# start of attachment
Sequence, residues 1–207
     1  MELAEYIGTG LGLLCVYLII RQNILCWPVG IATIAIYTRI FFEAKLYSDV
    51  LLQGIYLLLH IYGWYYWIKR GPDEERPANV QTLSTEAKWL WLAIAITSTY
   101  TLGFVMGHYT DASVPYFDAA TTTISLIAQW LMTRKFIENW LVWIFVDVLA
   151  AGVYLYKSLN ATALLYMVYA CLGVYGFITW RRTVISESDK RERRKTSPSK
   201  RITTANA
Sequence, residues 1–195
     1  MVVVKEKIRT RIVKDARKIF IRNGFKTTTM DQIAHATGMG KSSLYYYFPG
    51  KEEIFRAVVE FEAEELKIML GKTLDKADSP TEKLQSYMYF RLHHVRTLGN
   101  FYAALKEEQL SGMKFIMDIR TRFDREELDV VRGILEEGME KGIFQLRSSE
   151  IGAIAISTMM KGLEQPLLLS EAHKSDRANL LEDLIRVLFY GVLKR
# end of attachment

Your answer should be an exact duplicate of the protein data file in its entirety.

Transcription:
Sequence, residues 1–207
     1  MELAEYIGTG LGLLCVYLII RQNILCWPVG IATIAIYTRI FFEAKLYSDV
    51  LLQGIYLLLH IYGWYYWIKR GPDEERPANV QTLSTEAKWL WLAIAITSTY
   101  TLGFVMGHYT DASVPYFDAA TTTISLIAQW LMTRKFIENW LVWIFVDVLA
   151  AGVYLYKSLN ATALLYMVYA CLGVYGFITW RRTVISESDK RERRKTSPSK
   201  RITTANA
Sequence, residues 1–195
     1  MVVVKEKIRT RIVKDARKIF IRNGFKTTTM DQIAHATGMG KSSLYYYFPG
    51  KEEIFRAVVE FEAEELKIML GKTLDKADSP TEKLQSYMYF RLHHVRTLGN
   101  FYAALKEEQL SGMKFIMDIR TRFDREELDV VRGILEEGME KGIFQLRSSE
   151  IGAIAISTMM KGLEQPLLLS EAHKSDRANL LEDLIRVLFY GVLKR